“She's not breathing.”
A flustered worker at a sweltering nursing home in Hollywood, Florida, called 911 after a woman suffered cardiac arrest during a power outage after Hurricane Irma. A total of nine calls for help were made Sept. 13 from the Rehabilitation Center at Hollywood Hills as elderly and sick patients overheated inside the powerless facility.
The City of Hollywood released the 911 calls Monday, revealing the chaotic hours at the hot nursing home.
"They're having issues with orients and there may be causalities,” one caller said.
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Fourteen people died as a result of the power outage. It appears the same bewildered facility worker made several calls to police.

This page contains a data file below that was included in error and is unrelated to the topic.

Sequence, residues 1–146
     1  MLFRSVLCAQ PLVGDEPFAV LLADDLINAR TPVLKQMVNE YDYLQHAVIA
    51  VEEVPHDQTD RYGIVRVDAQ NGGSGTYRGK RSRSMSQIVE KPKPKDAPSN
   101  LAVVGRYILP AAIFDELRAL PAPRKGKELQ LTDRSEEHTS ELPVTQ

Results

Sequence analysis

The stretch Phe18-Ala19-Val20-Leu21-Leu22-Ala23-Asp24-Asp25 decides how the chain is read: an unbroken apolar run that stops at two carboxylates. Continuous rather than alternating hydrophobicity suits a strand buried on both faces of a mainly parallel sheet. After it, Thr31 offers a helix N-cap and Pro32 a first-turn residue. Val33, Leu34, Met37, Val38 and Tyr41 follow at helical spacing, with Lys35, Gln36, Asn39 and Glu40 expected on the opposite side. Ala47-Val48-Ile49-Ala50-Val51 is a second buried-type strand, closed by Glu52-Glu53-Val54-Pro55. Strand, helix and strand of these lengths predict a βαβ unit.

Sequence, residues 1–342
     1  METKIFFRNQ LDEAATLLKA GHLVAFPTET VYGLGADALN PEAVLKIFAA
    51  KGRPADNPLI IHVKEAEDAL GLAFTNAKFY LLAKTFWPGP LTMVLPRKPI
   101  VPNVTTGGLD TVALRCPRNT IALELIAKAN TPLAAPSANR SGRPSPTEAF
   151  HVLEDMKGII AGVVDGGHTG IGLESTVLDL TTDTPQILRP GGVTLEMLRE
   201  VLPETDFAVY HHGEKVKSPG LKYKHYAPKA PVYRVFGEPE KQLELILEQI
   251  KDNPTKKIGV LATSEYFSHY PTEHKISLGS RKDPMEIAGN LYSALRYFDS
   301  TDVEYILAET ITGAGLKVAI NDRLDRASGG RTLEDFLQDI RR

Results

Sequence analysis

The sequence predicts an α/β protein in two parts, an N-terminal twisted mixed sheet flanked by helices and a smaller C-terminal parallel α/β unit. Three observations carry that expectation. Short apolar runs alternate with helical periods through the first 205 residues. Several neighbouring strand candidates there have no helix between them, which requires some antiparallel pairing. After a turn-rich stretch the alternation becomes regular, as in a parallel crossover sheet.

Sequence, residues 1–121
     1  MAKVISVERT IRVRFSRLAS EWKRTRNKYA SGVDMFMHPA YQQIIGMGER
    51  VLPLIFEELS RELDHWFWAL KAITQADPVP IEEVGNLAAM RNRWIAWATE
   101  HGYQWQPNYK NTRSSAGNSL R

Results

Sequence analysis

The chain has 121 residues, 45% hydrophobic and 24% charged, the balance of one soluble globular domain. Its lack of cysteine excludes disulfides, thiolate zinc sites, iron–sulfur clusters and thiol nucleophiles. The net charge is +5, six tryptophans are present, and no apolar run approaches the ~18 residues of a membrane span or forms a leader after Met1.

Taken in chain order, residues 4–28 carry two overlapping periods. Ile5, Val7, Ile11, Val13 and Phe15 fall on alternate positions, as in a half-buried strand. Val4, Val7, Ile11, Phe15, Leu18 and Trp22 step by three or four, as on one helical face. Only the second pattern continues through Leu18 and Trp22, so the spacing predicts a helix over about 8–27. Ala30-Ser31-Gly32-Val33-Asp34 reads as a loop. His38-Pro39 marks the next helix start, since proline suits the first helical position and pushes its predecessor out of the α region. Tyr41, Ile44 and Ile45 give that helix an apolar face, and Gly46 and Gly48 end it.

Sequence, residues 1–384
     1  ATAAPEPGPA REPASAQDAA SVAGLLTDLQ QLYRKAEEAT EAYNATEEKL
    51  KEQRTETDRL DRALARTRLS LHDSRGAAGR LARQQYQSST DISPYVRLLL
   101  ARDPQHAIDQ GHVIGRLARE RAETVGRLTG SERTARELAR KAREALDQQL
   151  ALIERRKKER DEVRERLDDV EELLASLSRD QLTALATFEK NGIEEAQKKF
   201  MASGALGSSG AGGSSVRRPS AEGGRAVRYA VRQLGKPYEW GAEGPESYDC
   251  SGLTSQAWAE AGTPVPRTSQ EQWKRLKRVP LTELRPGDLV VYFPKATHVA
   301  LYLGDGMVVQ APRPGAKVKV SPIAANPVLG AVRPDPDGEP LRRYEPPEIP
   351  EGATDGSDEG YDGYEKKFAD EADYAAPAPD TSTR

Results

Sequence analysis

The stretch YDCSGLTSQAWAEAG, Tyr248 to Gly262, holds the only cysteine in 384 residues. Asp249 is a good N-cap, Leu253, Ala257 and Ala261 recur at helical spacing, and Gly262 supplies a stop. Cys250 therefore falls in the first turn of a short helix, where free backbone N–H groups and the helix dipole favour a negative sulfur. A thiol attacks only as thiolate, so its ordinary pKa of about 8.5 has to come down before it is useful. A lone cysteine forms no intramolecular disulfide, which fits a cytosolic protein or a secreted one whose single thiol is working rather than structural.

“We don't have any air conditioning, so I saw her slouch over. I noticed she's not breathing, so I check her and she's just barely breathing,” the caller told 911 dispatch. “Her finger started to changed color; slightly blue.”
Some patients’ body temperatures reached close to 110 degrees, according to a state report.
“Is she in severe pain?” a dispatcher asked.
“No, she's in cardiac arrest," came the reply from the caller.
“I understand that ma’m, but we have to ask these questions,” the dispatcher said.
A paramedic who responded to one of the nine calls noticed the unbearable conditions at the nursing and advised officials to issue an evacuation. More than 130 patients were evacuated.
On Monday, representatives from the union representing health care workers from across Florida met in Miami with State Sen. Anitere Flores and others to discuss proper care and procedures for facilities in the event of another storm or natural disaster.
The CEO of Plaza Health Network is pushing for power lines at all nursing homes to be buried underground. She also wants patient vans to be categorized as a top priority when it comes to filling up with gasoline – an effort to avoid long gas lines if there’s a need to evacuate patients.